Top positive review
This is light ‘chick lit’ which I had heard pretty good things about especially from a friend who’s always ...
17 May 2018
This is light ‘chick lit’ which I had heard pretty good things about especially from a friend who’s always referring to the characters. I was planning to read it but had somehow never got to it, but when I found this on sale on kindle, I picked it up. This is the story of Zoya Singh Solanki, a twenty-seven-year old who works in an advertising firm. She is assigned to work on a campaign with the Indian Cricket Team, who is on tour in Bangladesh, and it comes out that her presence is lucky for the game for she was born on the exact date and time as India won its first cricket world cup. Of course, the team wins its match after breakfasting with Zoya, and a few other ‘tests’ (including at IPL games) turn out to prove her a true lucky charm. It turns out her family too had taken her along for luck when they were at games though she was unaware of it at the time. The captain of the team Nikhil Khoda claims not to believe in luck but since his teammates and the Cricket Board have become firm believers, he agrees to her presence. It also helps that he’s beginning to get interested in her, as she is in him. There are the inevitable disagreements and misunderstandings of course, to which his position as the Indian team captain, and hers as pretty much a ‘Devi’ (or goddess) add. They head off for the cricket world cup at Melbourne, where she must deal with her feelings as well as all the attention and press that she’s getting―good and bad―as the good luck charm.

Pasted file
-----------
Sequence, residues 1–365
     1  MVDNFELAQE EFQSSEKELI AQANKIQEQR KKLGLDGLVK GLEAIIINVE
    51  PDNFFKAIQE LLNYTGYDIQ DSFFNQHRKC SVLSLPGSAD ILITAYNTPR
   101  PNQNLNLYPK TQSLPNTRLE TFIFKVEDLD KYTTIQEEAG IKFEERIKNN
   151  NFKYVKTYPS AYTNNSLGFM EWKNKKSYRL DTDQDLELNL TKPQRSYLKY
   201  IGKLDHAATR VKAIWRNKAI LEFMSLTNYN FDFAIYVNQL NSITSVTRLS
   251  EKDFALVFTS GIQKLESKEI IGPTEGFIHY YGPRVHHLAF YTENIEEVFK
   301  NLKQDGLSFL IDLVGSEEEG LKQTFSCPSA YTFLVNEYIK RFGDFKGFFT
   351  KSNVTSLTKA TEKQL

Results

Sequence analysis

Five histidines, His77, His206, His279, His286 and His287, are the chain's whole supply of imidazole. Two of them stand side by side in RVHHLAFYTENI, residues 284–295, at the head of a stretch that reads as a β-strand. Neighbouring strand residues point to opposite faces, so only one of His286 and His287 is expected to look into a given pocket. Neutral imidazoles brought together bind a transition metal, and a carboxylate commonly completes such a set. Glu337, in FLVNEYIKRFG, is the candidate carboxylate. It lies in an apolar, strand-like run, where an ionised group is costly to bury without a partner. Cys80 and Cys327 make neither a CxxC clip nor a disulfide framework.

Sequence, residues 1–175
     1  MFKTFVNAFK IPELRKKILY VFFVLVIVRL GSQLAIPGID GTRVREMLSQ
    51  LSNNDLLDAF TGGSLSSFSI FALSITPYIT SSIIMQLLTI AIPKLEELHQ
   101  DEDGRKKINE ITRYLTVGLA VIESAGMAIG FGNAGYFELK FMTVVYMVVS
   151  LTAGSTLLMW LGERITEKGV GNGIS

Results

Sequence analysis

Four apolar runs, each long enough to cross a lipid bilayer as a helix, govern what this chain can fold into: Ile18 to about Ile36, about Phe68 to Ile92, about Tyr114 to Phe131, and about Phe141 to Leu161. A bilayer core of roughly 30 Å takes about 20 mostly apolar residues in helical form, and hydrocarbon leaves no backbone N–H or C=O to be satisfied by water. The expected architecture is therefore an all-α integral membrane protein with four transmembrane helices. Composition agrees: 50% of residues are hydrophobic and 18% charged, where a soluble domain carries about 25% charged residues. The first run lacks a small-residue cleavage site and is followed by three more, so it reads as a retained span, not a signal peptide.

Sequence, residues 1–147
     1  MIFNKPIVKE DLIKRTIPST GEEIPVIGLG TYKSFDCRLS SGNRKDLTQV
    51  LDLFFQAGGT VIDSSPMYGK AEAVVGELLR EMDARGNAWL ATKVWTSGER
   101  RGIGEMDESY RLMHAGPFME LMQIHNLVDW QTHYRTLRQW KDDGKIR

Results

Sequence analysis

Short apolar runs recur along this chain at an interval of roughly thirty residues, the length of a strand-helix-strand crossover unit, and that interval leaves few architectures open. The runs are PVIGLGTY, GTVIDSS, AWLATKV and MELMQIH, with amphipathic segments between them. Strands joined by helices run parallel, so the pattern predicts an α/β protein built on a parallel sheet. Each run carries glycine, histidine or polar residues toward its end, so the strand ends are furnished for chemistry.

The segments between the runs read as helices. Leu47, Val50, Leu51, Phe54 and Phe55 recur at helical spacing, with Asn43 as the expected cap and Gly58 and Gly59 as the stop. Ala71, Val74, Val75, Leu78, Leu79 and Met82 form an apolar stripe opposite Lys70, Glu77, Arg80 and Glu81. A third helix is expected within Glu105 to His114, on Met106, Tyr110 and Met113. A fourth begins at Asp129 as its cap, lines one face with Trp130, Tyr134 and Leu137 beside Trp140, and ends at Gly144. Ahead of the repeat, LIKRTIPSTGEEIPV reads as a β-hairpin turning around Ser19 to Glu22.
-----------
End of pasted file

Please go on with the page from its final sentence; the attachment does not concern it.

This was a really fun read which I enjoyed thoroughly. The whole atmosphere, language, and writing is very contemporary and fun without being too cheesy or too over the top (but it definitely made me want to keep far far away from the advertising and cricket worlds (of course, I have for long been disillusioned about the latter)). I thought the author got the Delhi or rather ‘Dilli’ feel of the book just right (probably something Delhities will really enjoy)―sometimes this tends to be exaggerated in books and film). The characters again were good fun, Zoya herself, her family (slightly nutty but very real), and friends―even the team members. I also enjoyed much (though not all) of the humour. The end or rather just a little bit before the end for me, however, was a bit over the top, though that too added some fun touches to the book closer to the end, and some of the ‘fights’ that Zoya picked with Nikhil (not all) felt unnecessary (plus may be it could have been a little bit shorter). But other than that, this was a light, fun, refreshing read, and I’m looking forward to reading more by Chauhan.